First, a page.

Orthopaedic practices that may view a website redesign as cumbersome should consider the potential revenue lost to competitors who have made the optimization changes.

Strategy 2: Utilize Google AdWords marketing

A properly planned and executed Google AdWords strategy gives a practice the ability to target potential patients in the area who are looking for services at that very moment.

Google AdWords allows a practice to “bid” on relevant search terms in their area. For example, when a potential patient searches for “shoulder specialist in Dallas,” Google AdWords allows a practice to outrank competitors by being shown at the top of the page. Once a potential patient clicks the link, many of the mobile-optimization efforts previously discussed become integral to converting that click into a new patient phone call or request for an appointment.

Google ads represent up to 40 percent of the first page of Google results and are statistically one of the highest digital marketing return on investment (ROI) an orthopaedic practice can utilize. However, the Google AdWords platform can be very complex. Practices should consult with a marketing specialist to determine a strategy, budget, and system for tracking ROI.

Strategy 3: Utilize social media correctly

Practices can also utilize social media platforms, such as Facebook and Instagram, to attract new patients.

According to a 2017 Pew Research Center study, 67 percent of all Americans get at least half their news from social media. This represents a significant shift from print and television being the primary news sources, but it does not seem surprising considering that the average American adult spends almost two hours per day on social media sites. Orthopaedic practices should share valuable information related to their specialties and expertise on social media.

More important than having an active social media presence is using the outlets to their fullest capabilities. At their core, Facebook, Instagram, and Twitter are advertising companies that collect data on their users and monetize the data by allowing companies to show ads to highly targeted audiences. When executed correctly, Facebook and Instagram ads can target potential patients based on location, behaviors, purchases, browser history, and interests. Knowing the behaviors of those in need of orthopaedic care can allow for an incredible amount of increased brand awareness, as well as generate new patients through targeted ads.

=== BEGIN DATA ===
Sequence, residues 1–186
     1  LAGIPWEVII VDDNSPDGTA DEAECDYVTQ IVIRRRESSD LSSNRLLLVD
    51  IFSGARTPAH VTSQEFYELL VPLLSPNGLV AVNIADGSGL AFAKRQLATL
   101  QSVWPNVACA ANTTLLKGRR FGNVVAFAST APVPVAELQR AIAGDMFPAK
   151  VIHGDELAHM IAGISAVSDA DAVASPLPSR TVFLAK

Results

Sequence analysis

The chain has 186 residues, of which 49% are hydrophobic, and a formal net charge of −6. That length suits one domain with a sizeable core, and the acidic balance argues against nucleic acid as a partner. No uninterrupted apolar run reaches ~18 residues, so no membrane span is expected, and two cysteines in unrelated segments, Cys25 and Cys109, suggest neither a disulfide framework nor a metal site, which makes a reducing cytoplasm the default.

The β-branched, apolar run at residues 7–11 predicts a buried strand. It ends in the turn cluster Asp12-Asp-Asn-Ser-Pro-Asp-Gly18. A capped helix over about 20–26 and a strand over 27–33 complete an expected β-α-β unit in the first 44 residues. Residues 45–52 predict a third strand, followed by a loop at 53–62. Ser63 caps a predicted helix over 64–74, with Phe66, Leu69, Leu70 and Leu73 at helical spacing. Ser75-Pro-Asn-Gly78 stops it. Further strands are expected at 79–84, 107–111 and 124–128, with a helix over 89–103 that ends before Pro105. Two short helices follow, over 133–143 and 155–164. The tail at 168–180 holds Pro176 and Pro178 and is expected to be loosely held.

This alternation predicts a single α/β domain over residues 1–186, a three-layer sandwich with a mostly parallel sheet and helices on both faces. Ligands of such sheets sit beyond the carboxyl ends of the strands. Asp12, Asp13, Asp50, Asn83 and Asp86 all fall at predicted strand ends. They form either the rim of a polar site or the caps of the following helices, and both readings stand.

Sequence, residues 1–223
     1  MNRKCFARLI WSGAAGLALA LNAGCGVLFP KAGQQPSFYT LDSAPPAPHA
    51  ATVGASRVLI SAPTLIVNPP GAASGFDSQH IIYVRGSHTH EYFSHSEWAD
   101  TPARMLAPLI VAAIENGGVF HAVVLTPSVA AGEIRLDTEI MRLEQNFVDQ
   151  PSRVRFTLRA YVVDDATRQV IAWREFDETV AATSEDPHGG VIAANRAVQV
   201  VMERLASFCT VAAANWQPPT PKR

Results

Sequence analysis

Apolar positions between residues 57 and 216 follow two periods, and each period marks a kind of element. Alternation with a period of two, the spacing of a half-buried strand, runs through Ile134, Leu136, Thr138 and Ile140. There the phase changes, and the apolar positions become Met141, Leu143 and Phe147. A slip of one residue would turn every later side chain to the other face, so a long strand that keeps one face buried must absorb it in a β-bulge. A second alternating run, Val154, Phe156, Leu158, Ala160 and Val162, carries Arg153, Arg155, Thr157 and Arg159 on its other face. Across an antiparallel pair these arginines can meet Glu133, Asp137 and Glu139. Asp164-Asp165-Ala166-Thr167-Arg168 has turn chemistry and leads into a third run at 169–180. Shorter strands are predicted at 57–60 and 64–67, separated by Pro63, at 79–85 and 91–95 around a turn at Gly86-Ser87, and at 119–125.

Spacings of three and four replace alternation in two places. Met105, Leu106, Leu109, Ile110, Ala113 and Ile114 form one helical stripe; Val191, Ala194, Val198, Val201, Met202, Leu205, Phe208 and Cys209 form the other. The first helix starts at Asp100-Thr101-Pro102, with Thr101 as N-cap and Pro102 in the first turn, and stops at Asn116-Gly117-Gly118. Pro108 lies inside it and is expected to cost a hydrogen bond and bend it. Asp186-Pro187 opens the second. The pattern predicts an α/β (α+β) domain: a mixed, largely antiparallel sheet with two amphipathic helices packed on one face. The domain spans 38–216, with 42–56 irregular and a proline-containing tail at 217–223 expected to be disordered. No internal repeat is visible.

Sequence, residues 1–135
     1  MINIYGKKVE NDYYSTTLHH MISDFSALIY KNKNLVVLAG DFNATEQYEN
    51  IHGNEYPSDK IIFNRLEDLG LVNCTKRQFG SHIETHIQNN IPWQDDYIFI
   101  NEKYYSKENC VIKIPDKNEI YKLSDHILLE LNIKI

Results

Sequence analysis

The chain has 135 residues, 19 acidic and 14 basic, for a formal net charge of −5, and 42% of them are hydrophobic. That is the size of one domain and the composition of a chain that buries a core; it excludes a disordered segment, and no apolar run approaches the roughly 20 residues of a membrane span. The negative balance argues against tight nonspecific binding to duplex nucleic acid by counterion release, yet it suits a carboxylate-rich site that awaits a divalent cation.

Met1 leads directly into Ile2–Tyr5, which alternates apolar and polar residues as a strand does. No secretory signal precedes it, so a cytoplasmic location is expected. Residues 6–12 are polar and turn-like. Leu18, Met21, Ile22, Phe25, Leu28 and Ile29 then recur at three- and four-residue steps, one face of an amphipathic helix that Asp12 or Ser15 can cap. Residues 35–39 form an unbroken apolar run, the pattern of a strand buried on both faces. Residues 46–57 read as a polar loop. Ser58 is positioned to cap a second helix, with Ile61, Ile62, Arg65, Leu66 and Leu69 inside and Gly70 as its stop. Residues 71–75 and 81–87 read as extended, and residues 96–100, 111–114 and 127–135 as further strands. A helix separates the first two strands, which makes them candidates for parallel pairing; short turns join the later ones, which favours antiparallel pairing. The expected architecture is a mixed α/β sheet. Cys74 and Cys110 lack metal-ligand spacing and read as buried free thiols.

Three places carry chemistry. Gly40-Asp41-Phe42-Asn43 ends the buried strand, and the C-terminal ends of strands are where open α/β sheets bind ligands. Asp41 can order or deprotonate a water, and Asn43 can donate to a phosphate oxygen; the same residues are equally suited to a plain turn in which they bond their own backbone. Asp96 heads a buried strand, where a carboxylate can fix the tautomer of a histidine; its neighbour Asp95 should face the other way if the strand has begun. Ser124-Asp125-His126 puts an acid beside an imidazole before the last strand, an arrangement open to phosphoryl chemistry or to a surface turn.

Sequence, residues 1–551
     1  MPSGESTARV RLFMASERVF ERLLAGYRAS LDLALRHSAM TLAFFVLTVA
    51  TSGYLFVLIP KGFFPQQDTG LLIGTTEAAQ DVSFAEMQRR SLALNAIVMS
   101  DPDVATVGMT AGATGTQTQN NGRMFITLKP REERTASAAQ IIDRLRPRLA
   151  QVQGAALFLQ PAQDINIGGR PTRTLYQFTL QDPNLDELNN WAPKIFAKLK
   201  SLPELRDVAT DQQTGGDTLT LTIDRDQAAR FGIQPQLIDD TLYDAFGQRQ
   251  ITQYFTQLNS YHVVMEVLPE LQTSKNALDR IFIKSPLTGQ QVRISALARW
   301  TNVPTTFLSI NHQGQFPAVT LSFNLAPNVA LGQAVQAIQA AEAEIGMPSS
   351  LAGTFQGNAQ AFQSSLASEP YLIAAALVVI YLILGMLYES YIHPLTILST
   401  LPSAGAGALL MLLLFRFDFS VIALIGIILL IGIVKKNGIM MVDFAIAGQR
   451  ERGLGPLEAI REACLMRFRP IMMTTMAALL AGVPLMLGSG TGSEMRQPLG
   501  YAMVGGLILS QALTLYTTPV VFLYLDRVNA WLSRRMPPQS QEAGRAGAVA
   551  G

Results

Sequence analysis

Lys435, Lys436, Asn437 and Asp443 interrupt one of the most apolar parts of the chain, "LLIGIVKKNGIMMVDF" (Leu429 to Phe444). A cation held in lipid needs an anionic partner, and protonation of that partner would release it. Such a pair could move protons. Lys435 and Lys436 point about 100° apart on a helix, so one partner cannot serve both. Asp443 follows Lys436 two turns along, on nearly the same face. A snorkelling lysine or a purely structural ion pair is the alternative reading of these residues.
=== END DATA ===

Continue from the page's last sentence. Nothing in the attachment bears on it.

Strategy 4: Have an ROI measurement strategy

Each of the above strategies serves unique but vital functions; however, it is almost impossible to determine their effectiveness unless ROI is measured.

One of the biggest mistakes orthopaedic practices make when measuring ROI is relying on patients. For example, many practices ask first-time patients, “How did you hear about us?” or have a similar question on an intake form. Often, patients respond with “online” or “the internet.” If a practice has invested in organic search engine optimization (otherwise known as SEO), Google AdWords, social media ads, or digital video—all of which qualify as “online”—such responses will not tell a practice which strategies are having an impact, making it nearly impossible to tell which efforts are truly generating new patients.

Utilizing ROI-tracking strategies that can determine the source of a new patient (Google AdWords, Facebook, YouTube, etc.) and matching that with all billed charges for that patient can have a tremendous impact on ROI and lead to an understanding of the true revenue generated from marketing efforts. In many cases, this includes the use of unique phone numbers, web pages, or website forms.

Daniel Goldberg is the chief executive officer of Gold Medical Marketing, a firm that focuses exclusively on marketing for orthopaedic, spine, and neurosurgery practices.

References:

  1. NBC News: More people search for health online. Available at: http://www.nbcnews.com/id/3077086/t/more-people-search-health-online/#.W3Gi1-hKg2x. Accessed August 13, 2018.
  2. Jackson Healthcare: Trend watch: Physician practice acquisitions. Available at: https://jacksonhealthcare.com/wp-content/uploads/2018/PDF/practiceacquisitionreport_ebook0213.pdf. Accessed August 13, 2018.
  3. Pew Research Center: More Americans are turning to multiple social media sites for news. Available at: http://www.pewresearch.org/fact-tank/2017/11/02/more-americans-are-turning-to-multiple-social-media-sites-for-news/. Accessed August 13, 2018.
  4. Global Web Index: Daily time spent on social networks rises to over two hours. Accessed Available at: https://blog.globalwebindex.com/chart-of-the-day/daily-time-spent-on-social-networks/. August 13, 2018.